IntroductionThe estimation of post-mortem interval (PMI) remains a major challenge in forensic science. Most of the proposed approaches lack the reliability required to meet the rigorous forensic standards.ObjectivesWe applied H-1 NMR metabolomics to estimate PMI on ovine vitreous humour comparing the results with the actual scientific gold standard, namely vitreous potassium concentrations.MethodsVitreous humour samples were collected in a time frame ranging from 6 to 86 h after death. Experiments were performed by using H-1 NMR metabolomics and ion capillary analysis. Data were submitted to multivariate statistical data analysis.ResultsA multivariate calibration model was built to estimate PMI based on 47 vitreous humour samples. The model was validated with an independent test set of 24 samples, obtaining a prediction error on the entire range of 6.9 h for PMI < 24 h, 7.4 h for PMI between 24 and 48 h, and 10.3 h for PMI > 48 h. Time-related modifications of the H-1 NMR vitreous metabolomic profile could predict PMI better than potassium up to 48 h after death, whilst a combination of the two is better than the single approach for higher PMI estimation.ConclusionThe present study, although in a proof-of-concept animal model, shows that vitreous metabolomics can be a powerful tool to predict PMI providing a more accurate estimation compared to the widely studied approach based on vitreous potassium concentrations.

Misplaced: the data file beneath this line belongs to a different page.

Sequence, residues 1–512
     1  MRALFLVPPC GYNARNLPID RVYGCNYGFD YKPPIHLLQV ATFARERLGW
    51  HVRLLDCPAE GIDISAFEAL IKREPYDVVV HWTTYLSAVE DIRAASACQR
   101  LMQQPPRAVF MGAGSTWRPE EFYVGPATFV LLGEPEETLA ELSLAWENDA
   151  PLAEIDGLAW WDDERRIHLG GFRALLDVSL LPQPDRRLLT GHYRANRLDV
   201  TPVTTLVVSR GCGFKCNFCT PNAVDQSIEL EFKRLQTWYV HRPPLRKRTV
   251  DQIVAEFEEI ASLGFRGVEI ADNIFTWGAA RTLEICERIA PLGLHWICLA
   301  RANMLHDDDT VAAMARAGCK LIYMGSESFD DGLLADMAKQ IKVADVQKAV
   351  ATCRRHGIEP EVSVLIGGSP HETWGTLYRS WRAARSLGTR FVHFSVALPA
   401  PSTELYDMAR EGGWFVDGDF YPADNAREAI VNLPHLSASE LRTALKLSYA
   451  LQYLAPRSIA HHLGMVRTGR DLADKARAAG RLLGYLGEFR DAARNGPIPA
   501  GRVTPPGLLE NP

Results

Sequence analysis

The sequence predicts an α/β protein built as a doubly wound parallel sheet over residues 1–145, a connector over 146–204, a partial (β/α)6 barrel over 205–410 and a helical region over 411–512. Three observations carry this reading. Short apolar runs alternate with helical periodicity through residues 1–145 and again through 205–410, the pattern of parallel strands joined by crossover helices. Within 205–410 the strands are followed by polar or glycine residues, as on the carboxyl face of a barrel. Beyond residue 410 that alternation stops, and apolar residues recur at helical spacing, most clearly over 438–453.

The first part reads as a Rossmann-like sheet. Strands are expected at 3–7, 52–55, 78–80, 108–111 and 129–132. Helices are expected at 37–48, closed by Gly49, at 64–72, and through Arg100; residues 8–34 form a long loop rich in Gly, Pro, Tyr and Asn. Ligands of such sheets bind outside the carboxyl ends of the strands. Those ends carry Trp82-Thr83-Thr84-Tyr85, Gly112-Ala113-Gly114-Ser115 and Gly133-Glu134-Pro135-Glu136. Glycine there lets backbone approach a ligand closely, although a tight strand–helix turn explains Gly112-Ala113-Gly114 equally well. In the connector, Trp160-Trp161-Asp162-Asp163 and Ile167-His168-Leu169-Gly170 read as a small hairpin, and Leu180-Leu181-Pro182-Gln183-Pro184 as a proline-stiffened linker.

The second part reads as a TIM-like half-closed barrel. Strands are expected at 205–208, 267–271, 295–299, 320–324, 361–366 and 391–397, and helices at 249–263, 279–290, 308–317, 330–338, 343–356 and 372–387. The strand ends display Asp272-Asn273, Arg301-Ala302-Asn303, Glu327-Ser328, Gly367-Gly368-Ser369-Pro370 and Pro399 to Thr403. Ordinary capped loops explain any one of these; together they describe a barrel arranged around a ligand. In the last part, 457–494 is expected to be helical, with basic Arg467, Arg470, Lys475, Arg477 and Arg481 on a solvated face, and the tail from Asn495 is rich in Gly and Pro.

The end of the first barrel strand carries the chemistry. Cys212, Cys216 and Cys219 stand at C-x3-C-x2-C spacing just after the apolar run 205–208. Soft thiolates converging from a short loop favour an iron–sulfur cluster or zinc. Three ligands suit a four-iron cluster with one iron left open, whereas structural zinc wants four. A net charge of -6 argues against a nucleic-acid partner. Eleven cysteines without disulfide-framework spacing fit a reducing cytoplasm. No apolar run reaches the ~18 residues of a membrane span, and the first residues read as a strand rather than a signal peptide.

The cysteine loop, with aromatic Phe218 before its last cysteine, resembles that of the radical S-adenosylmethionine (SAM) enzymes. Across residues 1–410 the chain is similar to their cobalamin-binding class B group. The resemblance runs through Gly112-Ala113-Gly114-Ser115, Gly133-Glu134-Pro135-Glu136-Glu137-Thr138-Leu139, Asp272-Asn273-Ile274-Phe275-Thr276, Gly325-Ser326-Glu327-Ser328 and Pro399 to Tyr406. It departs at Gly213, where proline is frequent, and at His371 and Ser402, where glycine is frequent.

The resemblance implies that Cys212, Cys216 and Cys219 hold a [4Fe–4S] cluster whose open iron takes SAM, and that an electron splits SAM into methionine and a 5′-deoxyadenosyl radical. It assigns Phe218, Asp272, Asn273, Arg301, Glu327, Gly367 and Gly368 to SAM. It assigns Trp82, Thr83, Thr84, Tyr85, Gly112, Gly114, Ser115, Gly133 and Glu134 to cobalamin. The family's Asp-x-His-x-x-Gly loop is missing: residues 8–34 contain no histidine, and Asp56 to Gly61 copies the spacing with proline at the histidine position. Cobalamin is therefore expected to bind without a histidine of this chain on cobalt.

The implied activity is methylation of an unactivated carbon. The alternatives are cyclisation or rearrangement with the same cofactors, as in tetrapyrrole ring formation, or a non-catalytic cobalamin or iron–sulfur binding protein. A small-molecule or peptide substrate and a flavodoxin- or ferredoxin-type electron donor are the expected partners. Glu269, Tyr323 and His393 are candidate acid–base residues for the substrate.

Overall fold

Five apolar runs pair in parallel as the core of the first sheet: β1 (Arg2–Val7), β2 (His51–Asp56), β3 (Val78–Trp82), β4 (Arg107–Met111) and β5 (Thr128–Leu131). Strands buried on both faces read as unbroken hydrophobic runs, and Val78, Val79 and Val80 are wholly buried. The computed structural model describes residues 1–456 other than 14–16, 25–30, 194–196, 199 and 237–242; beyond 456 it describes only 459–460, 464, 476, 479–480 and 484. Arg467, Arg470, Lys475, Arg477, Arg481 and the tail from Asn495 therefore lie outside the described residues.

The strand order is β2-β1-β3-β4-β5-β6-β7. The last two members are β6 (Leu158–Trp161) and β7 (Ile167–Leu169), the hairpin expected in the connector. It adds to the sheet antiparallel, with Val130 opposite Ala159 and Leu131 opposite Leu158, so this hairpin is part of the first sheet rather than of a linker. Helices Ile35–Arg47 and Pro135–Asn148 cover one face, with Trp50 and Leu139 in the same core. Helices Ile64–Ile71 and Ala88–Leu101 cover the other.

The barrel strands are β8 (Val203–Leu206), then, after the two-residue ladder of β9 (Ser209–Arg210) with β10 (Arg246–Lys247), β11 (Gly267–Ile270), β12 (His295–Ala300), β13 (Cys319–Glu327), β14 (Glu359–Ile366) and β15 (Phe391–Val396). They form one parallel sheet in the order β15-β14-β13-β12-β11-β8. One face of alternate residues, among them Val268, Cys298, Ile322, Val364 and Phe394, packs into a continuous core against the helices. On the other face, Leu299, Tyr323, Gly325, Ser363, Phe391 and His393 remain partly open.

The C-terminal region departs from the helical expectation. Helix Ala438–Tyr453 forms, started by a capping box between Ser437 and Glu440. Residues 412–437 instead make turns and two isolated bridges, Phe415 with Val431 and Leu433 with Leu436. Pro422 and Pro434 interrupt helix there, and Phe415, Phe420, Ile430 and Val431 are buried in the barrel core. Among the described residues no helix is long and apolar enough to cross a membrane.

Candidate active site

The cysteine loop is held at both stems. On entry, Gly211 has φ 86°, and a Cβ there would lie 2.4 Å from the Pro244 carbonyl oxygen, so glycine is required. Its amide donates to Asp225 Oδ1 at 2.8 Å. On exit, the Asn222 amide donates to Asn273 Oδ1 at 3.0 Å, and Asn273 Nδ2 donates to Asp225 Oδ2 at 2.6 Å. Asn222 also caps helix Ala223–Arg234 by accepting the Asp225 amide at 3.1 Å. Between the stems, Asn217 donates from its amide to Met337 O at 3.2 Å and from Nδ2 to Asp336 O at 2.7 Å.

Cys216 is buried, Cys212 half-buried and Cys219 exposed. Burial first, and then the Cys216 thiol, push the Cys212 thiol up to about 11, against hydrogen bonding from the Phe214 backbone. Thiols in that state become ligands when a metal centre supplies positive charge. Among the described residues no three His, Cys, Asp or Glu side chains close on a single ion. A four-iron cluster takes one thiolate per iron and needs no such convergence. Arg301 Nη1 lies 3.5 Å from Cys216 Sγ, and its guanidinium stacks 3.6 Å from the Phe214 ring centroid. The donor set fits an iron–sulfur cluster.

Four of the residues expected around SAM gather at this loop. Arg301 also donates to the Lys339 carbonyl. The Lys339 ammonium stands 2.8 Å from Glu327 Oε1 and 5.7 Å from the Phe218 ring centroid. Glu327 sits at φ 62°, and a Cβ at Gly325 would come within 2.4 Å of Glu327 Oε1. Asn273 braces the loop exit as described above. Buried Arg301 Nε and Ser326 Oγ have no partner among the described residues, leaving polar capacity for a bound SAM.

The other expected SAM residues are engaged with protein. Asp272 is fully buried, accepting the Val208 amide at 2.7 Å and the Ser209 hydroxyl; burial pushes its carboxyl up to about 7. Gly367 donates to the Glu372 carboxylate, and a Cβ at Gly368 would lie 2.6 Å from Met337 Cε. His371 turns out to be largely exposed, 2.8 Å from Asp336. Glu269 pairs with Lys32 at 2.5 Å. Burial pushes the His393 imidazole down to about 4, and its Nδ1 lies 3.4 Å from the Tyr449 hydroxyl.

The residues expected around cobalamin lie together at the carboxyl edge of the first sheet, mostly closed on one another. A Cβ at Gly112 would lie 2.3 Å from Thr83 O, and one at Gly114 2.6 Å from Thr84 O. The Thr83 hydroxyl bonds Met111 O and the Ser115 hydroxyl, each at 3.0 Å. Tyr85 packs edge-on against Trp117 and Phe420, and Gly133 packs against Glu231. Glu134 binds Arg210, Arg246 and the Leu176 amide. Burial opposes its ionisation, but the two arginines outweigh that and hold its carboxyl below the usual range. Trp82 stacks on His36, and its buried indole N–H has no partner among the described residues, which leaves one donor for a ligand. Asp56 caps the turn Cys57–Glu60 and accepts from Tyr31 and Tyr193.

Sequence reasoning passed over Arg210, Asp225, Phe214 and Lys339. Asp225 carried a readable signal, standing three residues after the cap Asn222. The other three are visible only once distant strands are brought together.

PMI estimation through metabolomics and potassium analysis on animal vitreous humour

Locci E.
Primo
;
Chighine A.
;
Ferino G.;Demontis R.;d'Aloja E.
2023-01-01

Abstract

IntroductionThe estimation of post-mortem interval (PMI) remains a major challenge in forensic science. Most of the proposed approaches lack the reliability required to meet the rigorous forensic standards.ObjectivesWe applied H-1 NMR metabolomics to estimate PMI on ovine vitreous humour comparing the results with the actual scientific gold standard, namely vitreous potassium concentrations.MethodsVitreous humour samples were collected in a time frame ranging from 6 to 86 h after death. Experiments were performed by using H-1 NMR metabolomics and ion capillary analysis. Data were submitted to multivariate statistical data analysis.ResultsA multivariate calibration model was built to estimate PMI based on 47 vitreous humour samples. The model was validated with an independent test set of 24 samples, obtaining a prediction error on the entire range of 6.9 h for PMI < 24 h, 7.4 h for PMI between 24 and 48 h, and 10.3 h for PMI > 48 h. Time-related modifications of the H-1 NMR vitreous metabolomic profile could predict PMI better than potassium up to 48 h after death, whilst a combination of the two is better than the single approach for higher PMI estimation.ConclusionThe present study, although in a proof-of-concept animal model, shows that vitreous metabolomics can be a powerful tool to predict PMI providing a more accurate estimation compared to the widely studied approach based on vitreous potassium concentrations.
2023
1H NMR metabolomics; Animal model; CIA; PMI, Potassium concentration; Vitreous humour
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Utilizza questo identificativo per citare o creare un link a questo documento: https://hdl.handle.net/11584/357138
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